Several laps in, James says he’s warming to the Vantage too. The damping, he says, is particularly impressive – he’s got the thing nailed in Track where I’ll later lean towards the extra compliance of Sport Plus, but both work here. I hang in my seatbelt when he stands on the brakes, vicariously feeling the body control and lateral grip as we roll through a left-right flick, the Vantage riding the track’s curls of positive camber like we’re on a bobsleigh run. By the time we get back to the pits, I’m itching for my turn behind the wheel.
You’ll probably remember this car is a big deal – Aston’s entry-level model, its first all-new Vantage since 2005. The bonded aluminium platform and double-wishbone front/multi-link rear suspension is derived form the larger DB11, the V8 shared with the least expensive DB11 too, but the brief is to play the aggressive sports car to the DB’s loungier GT.
The soundtrack is pure theatre: a deep, cultured burble in Sport, public-school puberty in Sport Plus, and the full vindaloo in raucous Track. There’s a fraction of lag and you need 2400rpm to really get motoring, but mostly the power feels instant and relentless, blending a keenness to rev out with a torque-rich delivery that keeps on giving like Geldof. The sensation of constant acceleration is emphasised by the auto ’box’s shifts that punch much more cleanly than a DB11’s.
On the press launch at the Portimao racetrack, I remember being deeply impressed by the Vantage on nearby twisting roads but irritated by a lateral bobbing that amplified on some of the long, fast corners at the track. We found the same at Rockingham in the summer. But when I tackle Charade’s often quicker flicks of direction, that feeling is nowhere near as pronounced. But at 1630kg the Aston weighs 500kg more than the Alpine and comes in as the heaviest car here. Naturally it’s a more hulking thing to hustle, and even though that twin-turbo V8 is snug behind the front axle, there’s understeer to manage as you chuck it at a corner. Cool your jets on corner-entry, accelerate when the nose is settled and you’ll find surprisingly good traction balanced with mild oversteer – a sweeter, more manageable balance than the over-cautious ESP Track mode allows, actually.
Fast-paced steering helps shrug off kilos – chunkily welldefined at top-dead centre, its speed quickly ramps up with just a few degrees of lock. I repeatedly take a few nibbles at the steering4
through a single corner, suggesting the ratio is perhaps not as intuitive as it could be, but it’s good.
On the road, the damping of the Vantage can feel a little tight at low speeds even in its softest setting, and James and I both comment on the early brake travel being a bit fussy to modulate, but the stutters smooth with speed, and it’s clear the Vantage makes a better road car than track car as it rips with eager poise and abundant performance over roads that coil like carelessly fired party streamers. Seeing as that’s where most will spend their time, this is important.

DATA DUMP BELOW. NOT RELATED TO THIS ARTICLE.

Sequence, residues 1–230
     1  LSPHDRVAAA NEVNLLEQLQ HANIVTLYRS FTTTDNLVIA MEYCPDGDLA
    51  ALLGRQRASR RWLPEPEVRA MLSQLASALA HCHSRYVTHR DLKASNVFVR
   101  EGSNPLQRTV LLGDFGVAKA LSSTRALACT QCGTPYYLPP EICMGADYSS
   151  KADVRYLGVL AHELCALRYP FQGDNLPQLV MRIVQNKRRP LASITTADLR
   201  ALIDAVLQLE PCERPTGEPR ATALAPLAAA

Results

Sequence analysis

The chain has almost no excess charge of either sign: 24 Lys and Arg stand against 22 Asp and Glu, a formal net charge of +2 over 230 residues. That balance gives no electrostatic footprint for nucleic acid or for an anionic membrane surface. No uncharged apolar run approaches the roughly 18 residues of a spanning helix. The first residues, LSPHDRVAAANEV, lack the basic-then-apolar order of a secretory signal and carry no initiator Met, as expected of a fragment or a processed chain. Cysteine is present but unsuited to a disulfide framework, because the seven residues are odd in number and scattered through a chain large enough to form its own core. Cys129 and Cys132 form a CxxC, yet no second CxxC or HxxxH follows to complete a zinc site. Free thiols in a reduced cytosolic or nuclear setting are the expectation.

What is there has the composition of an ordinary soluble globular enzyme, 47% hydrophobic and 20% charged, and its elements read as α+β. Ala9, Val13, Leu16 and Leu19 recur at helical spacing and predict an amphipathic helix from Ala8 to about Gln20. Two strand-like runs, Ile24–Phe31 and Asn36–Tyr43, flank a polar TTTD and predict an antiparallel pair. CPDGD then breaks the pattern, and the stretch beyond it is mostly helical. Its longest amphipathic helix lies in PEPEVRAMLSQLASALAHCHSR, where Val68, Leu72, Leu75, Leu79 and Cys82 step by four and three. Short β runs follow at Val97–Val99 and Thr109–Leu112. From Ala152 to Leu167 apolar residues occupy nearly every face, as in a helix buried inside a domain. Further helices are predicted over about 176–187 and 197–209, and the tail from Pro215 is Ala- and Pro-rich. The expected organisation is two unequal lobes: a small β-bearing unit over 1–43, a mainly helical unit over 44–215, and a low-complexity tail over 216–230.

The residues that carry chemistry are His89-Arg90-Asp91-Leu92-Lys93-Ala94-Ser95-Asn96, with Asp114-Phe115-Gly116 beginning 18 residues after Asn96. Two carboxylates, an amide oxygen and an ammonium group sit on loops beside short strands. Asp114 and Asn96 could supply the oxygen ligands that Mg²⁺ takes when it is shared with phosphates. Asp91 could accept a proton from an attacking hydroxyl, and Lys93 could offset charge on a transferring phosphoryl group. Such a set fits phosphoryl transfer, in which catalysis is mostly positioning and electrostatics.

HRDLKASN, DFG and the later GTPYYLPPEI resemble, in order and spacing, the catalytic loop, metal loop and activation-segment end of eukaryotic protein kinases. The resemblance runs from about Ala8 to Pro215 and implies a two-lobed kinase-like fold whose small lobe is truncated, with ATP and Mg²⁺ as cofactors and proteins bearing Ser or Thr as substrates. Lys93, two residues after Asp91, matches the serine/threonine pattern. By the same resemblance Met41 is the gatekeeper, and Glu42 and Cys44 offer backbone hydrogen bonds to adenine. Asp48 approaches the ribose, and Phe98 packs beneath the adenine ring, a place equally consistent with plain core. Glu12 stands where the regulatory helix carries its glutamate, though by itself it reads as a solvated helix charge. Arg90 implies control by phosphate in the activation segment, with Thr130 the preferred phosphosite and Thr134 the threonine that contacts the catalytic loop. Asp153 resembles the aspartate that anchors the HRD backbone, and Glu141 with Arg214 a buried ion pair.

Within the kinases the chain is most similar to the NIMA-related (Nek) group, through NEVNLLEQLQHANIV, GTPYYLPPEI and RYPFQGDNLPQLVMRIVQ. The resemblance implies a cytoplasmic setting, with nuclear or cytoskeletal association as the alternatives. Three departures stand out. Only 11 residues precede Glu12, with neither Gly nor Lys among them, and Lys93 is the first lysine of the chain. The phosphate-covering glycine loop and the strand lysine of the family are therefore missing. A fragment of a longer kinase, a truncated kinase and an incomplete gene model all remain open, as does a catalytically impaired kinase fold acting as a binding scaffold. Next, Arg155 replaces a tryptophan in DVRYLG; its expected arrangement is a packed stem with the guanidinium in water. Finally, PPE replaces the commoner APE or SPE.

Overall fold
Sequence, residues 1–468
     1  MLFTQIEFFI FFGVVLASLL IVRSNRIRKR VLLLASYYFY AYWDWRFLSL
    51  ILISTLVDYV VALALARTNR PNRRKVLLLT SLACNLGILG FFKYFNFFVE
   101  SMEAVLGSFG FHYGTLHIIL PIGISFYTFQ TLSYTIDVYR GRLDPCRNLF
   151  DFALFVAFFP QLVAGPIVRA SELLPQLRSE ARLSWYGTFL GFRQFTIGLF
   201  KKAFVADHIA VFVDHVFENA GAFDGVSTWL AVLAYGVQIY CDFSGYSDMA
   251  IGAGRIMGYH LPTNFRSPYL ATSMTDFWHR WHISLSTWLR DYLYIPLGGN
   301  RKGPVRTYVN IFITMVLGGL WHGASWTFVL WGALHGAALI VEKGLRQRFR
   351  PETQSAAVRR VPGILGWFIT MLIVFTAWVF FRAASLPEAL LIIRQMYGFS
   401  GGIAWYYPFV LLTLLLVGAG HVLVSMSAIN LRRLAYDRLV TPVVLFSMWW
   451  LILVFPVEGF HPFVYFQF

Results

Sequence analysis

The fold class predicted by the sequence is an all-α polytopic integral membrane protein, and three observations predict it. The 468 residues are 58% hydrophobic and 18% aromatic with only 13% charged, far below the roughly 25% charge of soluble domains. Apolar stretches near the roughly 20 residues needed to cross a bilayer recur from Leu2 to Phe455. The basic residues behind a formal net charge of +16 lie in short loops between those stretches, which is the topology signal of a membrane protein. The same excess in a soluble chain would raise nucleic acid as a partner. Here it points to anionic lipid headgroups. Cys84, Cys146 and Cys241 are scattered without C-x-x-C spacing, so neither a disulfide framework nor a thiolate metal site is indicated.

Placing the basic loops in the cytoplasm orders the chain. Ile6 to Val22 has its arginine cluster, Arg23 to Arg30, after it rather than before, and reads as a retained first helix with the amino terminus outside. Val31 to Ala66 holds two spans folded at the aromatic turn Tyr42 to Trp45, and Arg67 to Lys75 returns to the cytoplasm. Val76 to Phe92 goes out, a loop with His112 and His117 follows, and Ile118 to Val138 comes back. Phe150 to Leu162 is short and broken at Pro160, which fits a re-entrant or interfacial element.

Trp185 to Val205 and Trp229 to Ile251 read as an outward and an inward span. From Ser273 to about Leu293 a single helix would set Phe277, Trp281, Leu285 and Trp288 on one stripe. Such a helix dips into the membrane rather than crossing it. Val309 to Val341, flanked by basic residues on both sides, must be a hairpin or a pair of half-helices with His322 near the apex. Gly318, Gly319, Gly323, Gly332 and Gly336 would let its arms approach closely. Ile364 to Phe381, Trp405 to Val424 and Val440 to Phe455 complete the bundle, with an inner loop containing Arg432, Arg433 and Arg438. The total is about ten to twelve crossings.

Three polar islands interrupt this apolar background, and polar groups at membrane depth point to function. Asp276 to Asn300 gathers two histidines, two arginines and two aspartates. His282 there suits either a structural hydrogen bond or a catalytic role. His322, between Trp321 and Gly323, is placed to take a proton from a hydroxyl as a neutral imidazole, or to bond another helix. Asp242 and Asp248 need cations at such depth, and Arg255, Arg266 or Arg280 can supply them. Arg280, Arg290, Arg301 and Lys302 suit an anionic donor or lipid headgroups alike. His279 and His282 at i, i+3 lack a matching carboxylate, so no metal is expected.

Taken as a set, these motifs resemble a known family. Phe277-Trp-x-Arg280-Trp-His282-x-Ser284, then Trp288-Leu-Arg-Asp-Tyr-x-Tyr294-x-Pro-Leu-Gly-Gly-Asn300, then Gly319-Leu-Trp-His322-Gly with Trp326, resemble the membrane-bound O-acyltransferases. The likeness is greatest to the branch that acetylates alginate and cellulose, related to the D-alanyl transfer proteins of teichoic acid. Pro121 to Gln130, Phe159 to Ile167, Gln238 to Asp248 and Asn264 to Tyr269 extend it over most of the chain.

That it wears a tux while the others favour Nomex is another consideration: the Vantage has the most sophisticated styling of this test. Shame the interior isn’t as convincing – scattergun buttons and some cheap looking garnish fall below expectation.
For stark contrasts, look no further than the Aston and the Porsche 911 GT2 RS. The latter’s a car that could bluff its way onto a Le Mans grid – and then put in a decent showing. Surely owners of a car so focused would accept sacrifices, and yet there’s alcantara and leather, touchscreen infotainment, solidity and luxury in equal measure. The seats are beautiful carbonfibre-backed buckets that drop you low in the bodyshell and embrace you snugly, yet are still comfortable for motorway stints. Even the titanium rollcage in our Weissach-spec car somehow gels with the upscale appointments.
But underneath, it’s very much a racer for the road. Essentially, it takes the GT3 RS – the Porsche road car most comparable to its Le Mans racers – with its ultra-wide bodyshell, then firms up the spring rates a little and swaps the naturally-aspirated 4.0-litre flat-six for a tuned 3.8-litre Turbo engine. It thumps out 690bhp and 553lb ft (GT3 RS: 513bhp and 347lb ft!) helping it to a bonkers 6min 47sec lap of the Nürburgring. That’s supercar territory… and only £23k off Ferrari Pista money at £229k.
I take the GT2 RS on the road loop and I’m not quite convinced: the ride is super-compliant for a car so hardcore, the steering and chassis sweetly communicative, but I don’t think there’s quite the delicacy of a GT3 RS, and a nagging sense that you’re only dipping into the GT2 RS’s vast reverses of power.